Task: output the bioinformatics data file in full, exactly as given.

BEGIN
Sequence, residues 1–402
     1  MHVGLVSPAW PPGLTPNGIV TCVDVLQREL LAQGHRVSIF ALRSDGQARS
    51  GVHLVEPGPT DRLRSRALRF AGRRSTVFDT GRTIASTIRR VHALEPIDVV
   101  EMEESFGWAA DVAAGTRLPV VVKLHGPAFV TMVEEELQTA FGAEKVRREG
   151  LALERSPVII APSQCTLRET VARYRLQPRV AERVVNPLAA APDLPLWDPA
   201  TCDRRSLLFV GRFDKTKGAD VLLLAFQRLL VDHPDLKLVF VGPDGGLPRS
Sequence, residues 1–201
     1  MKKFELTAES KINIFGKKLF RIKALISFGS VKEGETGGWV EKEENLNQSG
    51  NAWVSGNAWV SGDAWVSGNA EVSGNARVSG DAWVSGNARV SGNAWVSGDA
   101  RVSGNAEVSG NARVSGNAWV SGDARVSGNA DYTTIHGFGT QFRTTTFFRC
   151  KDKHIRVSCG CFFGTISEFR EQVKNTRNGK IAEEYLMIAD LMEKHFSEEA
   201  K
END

Sequence, residues 1–402
     1  MHVGLVSPAW PPGLTPNGIV TCVDVLQREL LAQGHRVSIF ALRSDGQARS
    51  GVHLVEPGPT DRLRSRALRF AGRRSTVFDT GRTIASTIRR VHALEPIDVV
   101  EMEESFGWAA DVAAGTRLPV VVKLHGPAFV TMVEEELQTA FGAEKVRREG
   151  LALERSPVII APSQCTLRET VARYRLQPRV AERVVNPLAA APDLPLWDPA
   201  TCDRRSLLFV GRFDKTKGAD VLLLAFQRLL VDHPDLKLVF VGPDGGLPRS
Sequence, residues 1–201
     1  MKKFELTAES KINIFGKKLF RIKALISFGS VKEGETGGWV EKEENLNQSG
    51  NAWVSGNAWV SGDAWVSGNA EVSGNARVSG DAWVSGNARV SGNAWVSGDA
   101  RVSGNAEVSG NARVSGNAWV SGDARVSGNA DYTTIHGFGT QFRTTTFFRC
   151  KDKHIRVSCG CFFGTISEFR EQVKNTRNGK IAEEYLMIAD LMEKHFSEEA
   201  K